I haven’t posted about LotRO for a while, so it’s time for another round-up of thoughts on that game. On the one hand, I don’t tend to play the game for hours on end the way I used to with Warcraft. On the other hand, I think that’s mostly because I have other things to do these days. I’m almost always working on things that are in some way related to the website and my reviewing.
I find LotRO to be a more relaxed experience than Warcraft. There are more frequent towns and stablemasters, so it’s easier to just play for a little while and have some fun without needing to invest a huge amount of effort at once. Every time I think of playing Warcraft again I think of how much effort it would take just to get to the area of my next quest and try to finish it that I end up not bothering; now that I’m happy to be spending the majority of my time on other things, I’d much rather play a more relaxed game where I can easily log in, wrap up a few quests, and log off again.
It isn’t that the quests are somehow fundamentally easier, but that there are more of them. If you want to advance in Warcraft—particularly if you tend to solo—you need to do pretty much all of the quests, and that means often traveling well out of your way to get the next stage accomplished before you can move on. With LotRO, I find I can always find a deed to work on or a quest to accomplish that suits my level and won’t take a serious investment of time and effort, if that’s what I’m looking for. There’s a ton of fellowship quests available if you want a greater challenge, but LotRO makes it much easier than Warcraft to subsist on other quests should you so desire simply because there are so many. Occasionally you need to do some traveling, sure, but you don’t have nearly the preponderance of “FedEx” quests as Warcraft, and most of them are meant to introduce you to a new area and can be batched.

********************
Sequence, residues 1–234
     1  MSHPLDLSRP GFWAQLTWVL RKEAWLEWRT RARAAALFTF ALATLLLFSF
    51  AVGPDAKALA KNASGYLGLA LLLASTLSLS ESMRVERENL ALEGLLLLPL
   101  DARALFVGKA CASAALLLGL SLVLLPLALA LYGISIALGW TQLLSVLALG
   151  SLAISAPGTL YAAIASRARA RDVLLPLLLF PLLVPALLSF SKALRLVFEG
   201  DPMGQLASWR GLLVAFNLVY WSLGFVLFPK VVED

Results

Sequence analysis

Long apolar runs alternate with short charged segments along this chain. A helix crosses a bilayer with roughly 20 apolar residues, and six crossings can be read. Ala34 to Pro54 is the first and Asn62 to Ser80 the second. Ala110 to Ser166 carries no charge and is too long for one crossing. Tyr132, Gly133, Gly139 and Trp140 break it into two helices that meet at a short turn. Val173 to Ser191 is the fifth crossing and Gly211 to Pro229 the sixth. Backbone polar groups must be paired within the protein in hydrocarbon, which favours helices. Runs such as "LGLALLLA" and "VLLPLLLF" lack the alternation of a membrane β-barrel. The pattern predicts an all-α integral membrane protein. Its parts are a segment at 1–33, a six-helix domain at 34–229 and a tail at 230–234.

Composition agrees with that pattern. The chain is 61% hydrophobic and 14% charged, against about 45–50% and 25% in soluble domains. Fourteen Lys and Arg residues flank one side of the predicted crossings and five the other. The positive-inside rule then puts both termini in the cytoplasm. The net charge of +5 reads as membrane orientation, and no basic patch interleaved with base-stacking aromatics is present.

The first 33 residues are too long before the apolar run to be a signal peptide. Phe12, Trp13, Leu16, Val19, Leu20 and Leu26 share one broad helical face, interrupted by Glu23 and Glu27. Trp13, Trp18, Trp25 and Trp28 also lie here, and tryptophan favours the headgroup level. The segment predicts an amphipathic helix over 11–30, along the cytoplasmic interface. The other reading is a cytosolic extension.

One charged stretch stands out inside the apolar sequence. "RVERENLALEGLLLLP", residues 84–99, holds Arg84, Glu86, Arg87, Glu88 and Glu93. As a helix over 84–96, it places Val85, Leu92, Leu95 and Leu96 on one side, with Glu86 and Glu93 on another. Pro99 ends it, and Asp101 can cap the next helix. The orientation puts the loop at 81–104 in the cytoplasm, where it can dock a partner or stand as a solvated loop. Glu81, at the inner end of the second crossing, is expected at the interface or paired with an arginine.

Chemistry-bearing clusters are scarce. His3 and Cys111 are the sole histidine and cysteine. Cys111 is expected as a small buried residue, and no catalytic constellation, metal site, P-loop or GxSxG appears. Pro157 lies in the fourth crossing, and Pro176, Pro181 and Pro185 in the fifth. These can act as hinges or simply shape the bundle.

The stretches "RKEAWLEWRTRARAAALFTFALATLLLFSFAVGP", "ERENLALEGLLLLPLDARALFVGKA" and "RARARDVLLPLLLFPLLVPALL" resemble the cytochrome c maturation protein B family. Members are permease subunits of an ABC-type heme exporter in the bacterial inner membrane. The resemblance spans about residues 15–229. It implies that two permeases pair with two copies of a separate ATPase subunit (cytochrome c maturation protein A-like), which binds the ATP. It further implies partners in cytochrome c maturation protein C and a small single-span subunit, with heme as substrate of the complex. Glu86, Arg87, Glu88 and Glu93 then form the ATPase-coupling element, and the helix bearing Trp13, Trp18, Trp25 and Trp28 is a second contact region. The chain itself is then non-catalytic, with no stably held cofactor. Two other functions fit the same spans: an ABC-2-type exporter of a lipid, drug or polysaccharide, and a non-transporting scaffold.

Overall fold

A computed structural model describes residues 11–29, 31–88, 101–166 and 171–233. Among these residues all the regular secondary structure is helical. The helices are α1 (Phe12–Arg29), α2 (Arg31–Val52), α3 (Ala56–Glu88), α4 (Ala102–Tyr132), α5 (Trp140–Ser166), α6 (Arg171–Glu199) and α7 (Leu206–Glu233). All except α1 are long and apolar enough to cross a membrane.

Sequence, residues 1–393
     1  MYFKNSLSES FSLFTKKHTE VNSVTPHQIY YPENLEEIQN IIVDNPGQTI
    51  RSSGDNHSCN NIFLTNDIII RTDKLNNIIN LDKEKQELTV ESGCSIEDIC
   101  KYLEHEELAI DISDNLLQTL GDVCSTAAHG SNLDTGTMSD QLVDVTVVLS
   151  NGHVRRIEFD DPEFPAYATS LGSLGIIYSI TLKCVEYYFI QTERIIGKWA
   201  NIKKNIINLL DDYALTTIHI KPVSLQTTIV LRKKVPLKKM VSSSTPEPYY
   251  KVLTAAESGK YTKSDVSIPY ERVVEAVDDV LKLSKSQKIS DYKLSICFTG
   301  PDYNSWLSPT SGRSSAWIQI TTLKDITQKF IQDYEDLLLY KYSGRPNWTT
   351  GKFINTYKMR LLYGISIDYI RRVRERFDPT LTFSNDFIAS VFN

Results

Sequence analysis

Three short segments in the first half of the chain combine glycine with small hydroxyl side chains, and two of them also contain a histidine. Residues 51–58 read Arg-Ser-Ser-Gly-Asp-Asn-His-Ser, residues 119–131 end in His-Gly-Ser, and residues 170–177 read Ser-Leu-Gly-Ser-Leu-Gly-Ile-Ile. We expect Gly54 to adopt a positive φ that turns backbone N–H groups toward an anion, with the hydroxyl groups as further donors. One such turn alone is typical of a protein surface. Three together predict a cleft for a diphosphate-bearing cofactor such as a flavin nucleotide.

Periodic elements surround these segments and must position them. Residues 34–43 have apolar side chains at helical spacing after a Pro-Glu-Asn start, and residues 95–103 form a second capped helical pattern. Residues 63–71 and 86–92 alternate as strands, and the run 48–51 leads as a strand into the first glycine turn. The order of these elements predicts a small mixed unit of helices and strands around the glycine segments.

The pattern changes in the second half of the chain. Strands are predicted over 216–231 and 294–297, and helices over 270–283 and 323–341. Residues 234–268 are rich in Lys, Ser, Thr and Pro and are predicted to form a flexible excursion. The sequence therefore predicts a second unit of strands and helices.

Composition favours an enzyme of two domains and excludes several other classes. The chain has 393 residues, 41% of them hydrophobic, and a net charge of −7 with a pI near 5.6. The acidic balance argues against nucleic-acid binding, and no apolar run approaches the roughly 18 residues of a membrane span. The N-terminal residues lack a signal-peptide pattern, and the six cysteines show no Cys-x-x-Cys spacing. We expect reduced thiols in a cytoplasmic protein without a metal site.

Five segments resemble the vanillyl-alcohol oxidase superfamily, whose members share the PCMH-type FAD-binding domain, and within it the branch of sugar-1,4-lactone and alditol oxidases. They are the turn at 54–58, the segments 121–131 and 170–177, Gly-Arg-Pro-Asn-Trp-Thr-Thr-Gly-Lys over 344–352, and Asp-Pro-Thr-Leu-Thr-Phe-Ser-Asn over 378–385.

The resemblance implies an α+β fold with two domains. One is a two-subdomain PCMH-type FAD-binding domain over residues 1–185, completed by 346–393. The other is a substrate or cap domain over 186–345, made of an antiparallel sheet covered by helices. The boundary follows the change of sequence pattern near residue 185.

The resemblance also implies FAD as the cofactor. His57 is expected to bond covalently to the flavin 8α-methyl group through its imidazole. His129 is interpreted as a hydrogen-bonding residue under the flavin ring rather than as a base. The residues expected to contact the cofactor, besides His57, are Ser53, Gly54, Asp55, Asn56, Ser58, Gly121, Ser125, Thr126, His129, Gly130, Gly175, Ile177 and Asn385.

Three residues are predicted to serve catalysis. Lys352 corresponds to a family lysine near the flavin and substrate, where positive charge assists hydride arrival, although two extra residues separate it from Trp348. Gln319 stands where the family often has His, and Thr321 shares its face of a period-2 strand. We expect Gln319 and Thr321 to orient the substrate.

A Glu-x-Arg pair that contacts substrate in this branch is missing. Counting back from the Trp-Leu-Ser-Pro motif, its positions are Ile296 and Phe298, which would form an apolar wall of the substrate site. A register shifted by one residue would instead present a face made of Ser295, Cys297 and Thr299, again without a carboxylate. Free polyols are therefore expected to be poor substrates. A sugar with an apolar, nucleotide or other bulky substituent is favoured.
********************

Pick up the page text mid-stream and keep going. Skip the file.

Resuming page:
This isn’t the only reason I prefer LotRO to Warcraft right now (the crafting system is another reason, but I’ll talk more about that once I’ve explored the further reaches of it some more), but it’s definitely a big one.
I do have to say that I was wrong when I initially said that the game seemed less immersive, and the characters more androgynous and obviously computer-generated. I think it was just that I was used to WoW’s cartoonish style. Now that I’ve gotten used to LotRO’s style I actually quite like it, and find the more “realistic” swaths of grass and such to be more immersive than Warcraft’s style.